Court holds off on statewide mask mandate for Minnesota schools
A lawsuit aimed at overriding local control by directing Gov. Tim Walz to order Minnesota schools to adopt a statewide mask mandate, whether districts object or not, has lost round…
There are numerous myths concerning educational choice programs. But in order for parents and students to make well-informed education decisions, these myths must be debunked. Below is a sixth myth and reality on how education choice works taken from a report by the Institute for Justice. (You can read about other myths I have written about here, here, here, here, and here.)
Myth: Public schools are held accountable by state tests and curriculum mandates, while unregulated private schools are completely unaccountable.
Reality: Public schools lack sufficient accountability to parents because their children must attend their assigned public school regardless of test scores. Private schools are directly accountable to parents and must deliver a satisfactory educational experience or lose students.
Without school choice programs, parents are forced to accept their assigned neighborhood public school if they lack the financial means to pay for private school tuition or transportation to a different school district. Educational choice options let parents “vote with their feet” by sending their children to a school that best meets their children’s needs. This market-based approach creates real accountability that public schools often lack. If parents are not satisfied with their school of choice, they are able to leave. This is not always the case for students at traditional public schools, who can find themselves trapped in a system that is failing them.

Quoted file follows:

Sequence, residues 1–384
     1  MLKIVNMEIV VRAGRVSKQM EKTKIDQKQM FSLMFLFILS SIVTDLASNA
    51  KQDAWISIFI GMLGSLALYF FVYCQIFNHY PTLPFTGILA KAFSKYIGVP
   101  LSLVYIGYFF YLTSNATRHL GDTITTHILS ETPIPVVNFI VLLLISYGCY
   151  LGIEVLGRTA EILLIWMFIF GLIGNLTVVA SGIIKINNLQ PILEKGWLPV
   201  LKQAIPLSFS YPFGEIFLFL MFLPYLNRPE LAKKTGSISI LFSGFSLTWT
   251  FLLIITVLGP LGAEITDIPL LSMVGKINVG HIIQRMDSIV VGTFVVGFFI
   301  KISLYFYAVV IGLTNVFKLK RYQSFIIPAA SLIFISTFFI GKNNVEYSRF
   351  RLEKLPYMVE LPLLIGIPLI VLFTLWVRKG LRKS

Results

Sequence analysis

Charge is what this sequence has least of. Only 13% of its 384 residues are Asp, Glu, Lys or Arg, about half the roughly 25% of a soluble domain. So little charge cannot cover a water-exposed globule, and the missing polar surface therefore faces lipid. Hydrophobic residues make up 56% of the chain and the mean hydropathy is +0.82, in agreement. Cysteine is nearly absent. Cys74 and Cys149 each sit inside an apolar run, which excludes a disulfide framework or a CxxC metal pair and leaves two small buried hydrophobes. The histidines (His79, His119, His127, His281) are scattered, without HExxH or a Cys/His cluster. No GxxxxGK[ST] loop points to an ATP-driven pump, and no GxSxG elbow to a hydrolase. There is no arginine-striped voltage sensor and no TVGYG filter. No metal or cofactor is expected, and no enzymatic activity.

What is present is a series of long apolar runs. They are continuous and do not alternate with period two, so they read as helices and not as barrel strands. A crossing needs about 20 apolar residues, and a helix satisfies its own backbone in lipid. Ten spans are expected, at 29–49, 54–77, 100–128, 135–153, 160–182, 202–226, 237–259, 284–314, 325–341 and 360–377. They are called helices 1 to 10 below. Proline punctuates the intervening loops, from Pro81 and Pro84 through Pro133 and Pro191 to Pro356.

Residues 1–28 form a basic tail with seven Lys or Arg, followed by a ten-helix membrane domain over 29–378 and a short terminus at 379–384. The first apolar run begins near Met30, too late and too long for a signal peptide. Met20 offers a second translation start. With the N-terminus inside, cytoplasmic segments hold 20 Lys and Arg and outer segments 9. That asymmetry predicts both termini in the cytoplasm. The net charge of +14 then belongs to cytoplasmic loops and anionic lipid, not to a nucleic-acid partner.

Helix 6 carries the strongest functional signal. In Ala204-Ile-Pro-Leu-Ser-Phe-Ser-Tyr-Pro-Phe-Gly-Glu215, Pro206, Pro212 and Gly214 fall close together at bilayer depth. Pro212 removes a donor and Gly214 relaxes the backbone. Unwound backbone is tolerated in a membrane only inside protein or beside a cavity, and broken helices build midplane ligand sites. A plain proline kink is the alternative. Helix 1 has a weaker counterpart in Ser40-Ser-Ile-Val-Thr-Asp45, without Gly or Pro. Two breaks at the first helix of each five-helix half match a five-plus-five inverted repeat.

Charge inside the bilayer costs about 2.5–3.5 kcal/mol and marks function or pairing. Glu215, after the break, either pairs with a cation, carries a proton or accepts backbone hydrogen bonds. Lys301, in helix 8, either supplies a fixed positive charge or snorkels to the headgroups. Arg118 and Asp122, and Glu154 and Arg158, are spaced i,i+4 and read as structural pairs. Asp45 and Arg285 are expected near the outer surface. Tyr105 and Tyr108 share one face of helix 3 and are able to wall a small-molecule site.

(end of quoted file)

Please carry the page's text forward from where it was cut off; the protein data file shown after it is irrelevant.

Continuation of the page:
Public schools have to adhere to rules and regulations, but so do private schools. Private schools are regulated in all 50 states; they have to provide healthy and safe learning environments, meet compulsory attendance requirements, and teach core, mandated subjects like math, English, science and history. Additionally, “most private schools are required to undertake financial audits and evaluate student performance using standardized tests,” according to EdChoice.
In Wisconsin, for example, voucher schools must be accredited, obey all laws that apply to Wisconsin private schools, follow state accounting standards, file independent audits, comply with health and safety codes and comply with civil rights laws.
For another example, Florida schools that wish to participate in a special education voucher program must hire teachers who have a bachelor’s degree, three years of experience or special qualifications. Schools must demonstrate fiscal soundness, comply with anti-discrimination laws, meet health and safety codes, maintain a physical location in the state, provide parents with a written explanation of their students’ yearly progress, give the Department of Education any documentation required for a student’s participation and complete a yearly five-page notarized questionnaire covering issues, such as the number of teachers and food safety inspections.
So, private schools are not the “unregulated” educational environments opponents of school choice make them out to be. But even then, more laws and regulations do not mean more accountability. The best form of school accountability comes from parents empowered by educational choice to choose the learning environment that best suits their child.